Tuesday, September 27, 2016

Lose Belly Fat “Overnight”

There are two types of fat around the mid-section. The less dangerous fat is called subcutaneous fat or “surface level” fat, which contributes to the love handles you might not love. The second type of fat is called visceral fat, which accumulates around organs making it more dangerous.

Visceral fat wraps itself around the liver, pancreas, and kidneys. This type of fat secretes hormones and inflammatory substances which can impact appetite, weight, brain function, and disease risk. Visceral fat is associated with high cholesterol, high triglycerides, high blood pressure, insulin resistance, and other health problems.

Measuring your waist circumference can give you an idea if you might be at risk of having too much visceral fat. Place a measuring tape around your waist, level with your belly button. Men should measure no more than 40 inches and women should measure no more than 35 inches. Higher measurements place individuals at greater risk for diabetes, heart disease, cancer, etc. and should be discussed with your doctor. 

Hormones play a big role in the way fat is stored in the body. People who get little sleep secrete more stress hormone called cortisol which causes more fat to be deposited around the mid-section. One study looking at over 1100 participants found those who slept five hours or less each night gained 32% visceral fat over five years compared to a 13% gain in visceral fat in those who slept six hours or more each night. To help reduce belly fat focus on getting at least six hours of quality sleep each night.

The type of foods and drinks you consume can also impact belly fat; refined carbohydrates such as white bread, pasta, pretzels, desserts, juice, and sugar can deposit more readily around the mid-section and should be limited. Healthy eating, regular exercise, weight loss, stress management, and sleep are key components to reduce belly fat and for a healthy lifestyle.

Tuesday, September 20, 2016

The Pros and Cons of Seltzer

Water is the most essential nutrient, but what else can you drink when you need a change? Seltzer can be a great alternative, as long as you check the product label first.

Pressurized carbon dioxide is added to water to create seltzer. Without added sugar, calories, colors, or alternative sweeteners plain seltzer is a healthy choice.

Carbonation does not lead to dental erosion, but flavoring seltzer with citric acid or phosphoric acid can change the acidity level and damage enamel. Water is neutral and has a pH around 7. When pH becomes too acidic and drops below 4 dental erosion can occur. Adding your own sliced lemon, lime, cucumber, mint, basil, etc. helps to add flavor in less acidic forms than bottled seltzer flavored with citric acid.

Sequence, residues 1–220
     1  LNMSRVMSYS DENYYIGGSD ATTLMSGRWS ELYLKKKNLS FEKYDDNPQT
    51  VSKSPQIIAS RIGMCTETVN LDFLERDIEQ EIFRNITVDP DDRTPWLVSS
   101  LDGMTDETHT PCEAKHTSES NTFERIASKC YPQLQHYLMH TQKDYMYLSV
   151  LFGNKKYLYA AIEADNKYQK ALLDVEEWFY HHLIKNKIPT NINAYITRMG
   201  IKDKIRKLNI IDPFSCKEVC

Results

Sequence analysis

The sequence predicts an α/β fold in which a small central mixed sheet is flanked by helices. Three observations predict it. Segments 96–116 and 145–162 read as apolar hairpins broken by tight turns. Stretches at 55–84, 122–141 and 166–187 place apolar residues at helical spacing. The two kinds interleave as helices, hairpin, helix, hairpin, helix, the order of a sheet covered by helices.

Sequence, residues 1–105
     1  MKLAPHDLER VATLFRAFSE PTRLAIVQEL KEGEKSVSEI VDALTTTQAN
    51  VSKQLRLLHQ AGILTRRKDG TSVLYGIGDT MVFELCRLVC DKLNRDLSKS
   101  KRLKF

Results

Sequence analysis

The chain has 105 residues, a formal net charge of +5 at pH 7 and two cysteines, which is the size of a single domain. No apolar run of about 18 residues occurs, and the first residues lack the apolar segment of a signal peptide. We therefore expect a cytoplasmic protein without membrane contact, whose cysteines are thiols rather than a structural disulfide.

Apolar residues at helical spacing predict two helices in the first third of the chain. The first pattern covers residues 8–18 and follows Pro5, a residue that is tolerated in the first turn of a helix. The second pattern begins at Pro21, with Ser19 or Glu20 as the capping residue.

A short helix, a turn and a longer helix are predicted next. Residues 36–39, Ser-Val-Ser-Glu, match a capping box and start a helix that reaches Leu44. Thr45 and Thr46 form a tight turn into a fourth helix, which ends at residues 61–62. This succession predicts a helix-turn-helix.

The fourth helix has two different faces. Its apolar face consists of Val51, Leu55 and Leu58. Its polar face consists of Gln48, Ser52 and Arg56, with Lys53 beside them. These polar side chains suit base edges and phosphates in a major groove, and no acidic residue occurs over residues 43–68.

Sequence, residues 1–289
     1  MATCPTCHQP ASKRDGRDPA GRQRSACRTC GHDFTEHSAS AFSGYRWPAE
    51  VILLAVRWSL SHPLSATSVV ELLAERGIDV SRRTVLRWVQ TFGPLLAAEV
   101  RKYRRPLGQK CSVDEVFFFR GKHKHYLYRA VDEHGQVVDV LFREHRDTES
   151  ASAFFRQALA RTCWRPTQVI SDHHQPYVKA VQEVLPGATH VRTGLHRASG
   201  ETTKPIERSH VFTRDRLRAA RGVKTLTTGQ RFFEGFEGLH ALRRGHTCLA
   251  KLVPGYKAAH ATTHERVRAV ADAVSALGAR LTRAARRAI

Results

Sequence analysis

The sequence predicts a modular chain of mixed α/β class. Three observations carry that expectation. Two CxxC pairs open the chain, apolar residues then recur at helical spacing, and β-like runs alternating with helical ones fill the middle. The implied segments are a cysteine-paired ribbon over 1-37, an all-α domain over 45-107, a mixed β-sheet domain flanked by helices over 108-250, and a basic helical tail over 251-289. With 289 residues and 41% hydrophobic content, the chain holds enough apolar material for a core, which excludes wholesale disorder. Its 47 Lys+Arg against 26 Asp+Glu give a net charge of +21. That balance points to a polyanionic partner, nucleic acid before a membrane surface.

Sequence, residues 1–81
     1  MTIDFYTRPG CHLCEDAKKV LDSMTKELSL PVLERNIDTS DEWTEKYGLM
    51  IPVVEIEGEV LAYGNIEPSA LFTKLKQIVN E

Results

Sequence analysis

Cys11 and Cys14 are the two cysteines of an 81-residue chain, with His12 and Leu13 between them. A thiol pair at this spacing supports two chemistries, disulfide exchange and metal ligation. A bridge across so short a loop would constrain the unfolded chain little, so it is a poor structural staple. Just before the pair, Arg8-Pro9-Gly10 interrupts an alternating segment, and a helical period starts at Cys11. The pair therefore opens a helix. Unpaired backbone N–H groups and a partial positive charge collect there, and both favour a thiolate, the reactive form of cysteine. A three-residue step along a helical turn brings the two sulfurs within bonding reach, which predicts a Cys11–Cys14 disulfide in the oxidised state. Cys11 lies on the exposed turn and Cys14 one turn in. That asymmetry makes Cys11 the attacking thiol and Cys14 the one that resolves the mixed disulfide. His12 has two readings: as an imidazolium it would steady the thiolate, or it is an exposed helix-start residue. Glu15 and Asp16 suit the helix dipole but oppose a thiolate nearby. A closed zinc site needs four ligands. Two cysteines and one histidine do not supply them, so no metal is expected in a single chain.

Soda, juice, and sports drinks have surprisingly high acidity levels that can damage enamel. For example apple juice has a pH of 3.3-4.0 and Coca-Cola has a pH of 2.4. Colas have also been associated with low bone mineral density, but other carbonated beverages have not show the same association.

Club soda is not the same as seltzer and those drinking it should use caution. Club soda contains sodium to mimic the taste of mineral water. Too much sodium can increase blood pressure. High sodium diets have also been associated with higher risk of stomach cancer.

Bottled seltzer can also lack fluoride, found in fluoridated tap water, which could impact dental health as well. SodaSteam and other in-home sparkling water makers can help retain fluoride.

Plain seltzer is a great hydrator and a great alternative to water. Read food labels carefully to avoid added ingredients such as citric acid or phosphoric acid. And if you drink sparkling water a lot consider an in-home maker to get more fluoride in your beverage.

Tuesday, September 13, 2016

How to Prevent Obesity and Eating Disorders in Teens...Stop Talk About It

With 34% of kids aged 12-19 being overweight or obese and the peak onset of eating disorders occurring mid-adolescence, The American Academy of Pediatrics updated their guidelines on managing weight in teens and adolescence.

Families should stop talking about weight and avoid focusing on body dissatisfaction. Avoid making comments about your teens weight, your weight, or the weight of family or friends. Discourage dieting, skipping meals, and using weight loss pills or cleanses. Dieting is a risk factor for both obesity and eating disorders, as overweight adolescents may develop disordered eating behaviors while trying to lose weight.

Focusing on a healthy lifestyle should be made. Families should encourage healthy eating and physical activity behaviors that are sustainable long-term. Talk openly about clean burning fuel and focus on what makes the body feel better. Provide unconditional love and support regardless of size and appearance.

Provide easy access to healthy foods and water while limiting access to sweetened beverages, refined carbohydrates, junk food, and desserts. Remove TV’s from all bedrooms (including parents bedroom) and plan active excursions such as hiking and family bike rides.

Focus on family meals at the table without distractions (like smart phones). Model positive eating behaviors through leading by example. Strong evidence shows eating family meals 7 or more times each week improves nutrient intake, reduces disordered eating behaviors, reduces binge eating, and reduces frequent dieting.

Involving the entire family in positive ways has been show to be more effective in reducing teen obesity and eating disorders than a teen-only focus. Start making changes today for a lifetime of good health.

Active Family Ideas
Hiking nature trails
Flying kites
Plant a garden
Rake leaves
Shovel snow
Miniature golf
Walking the dog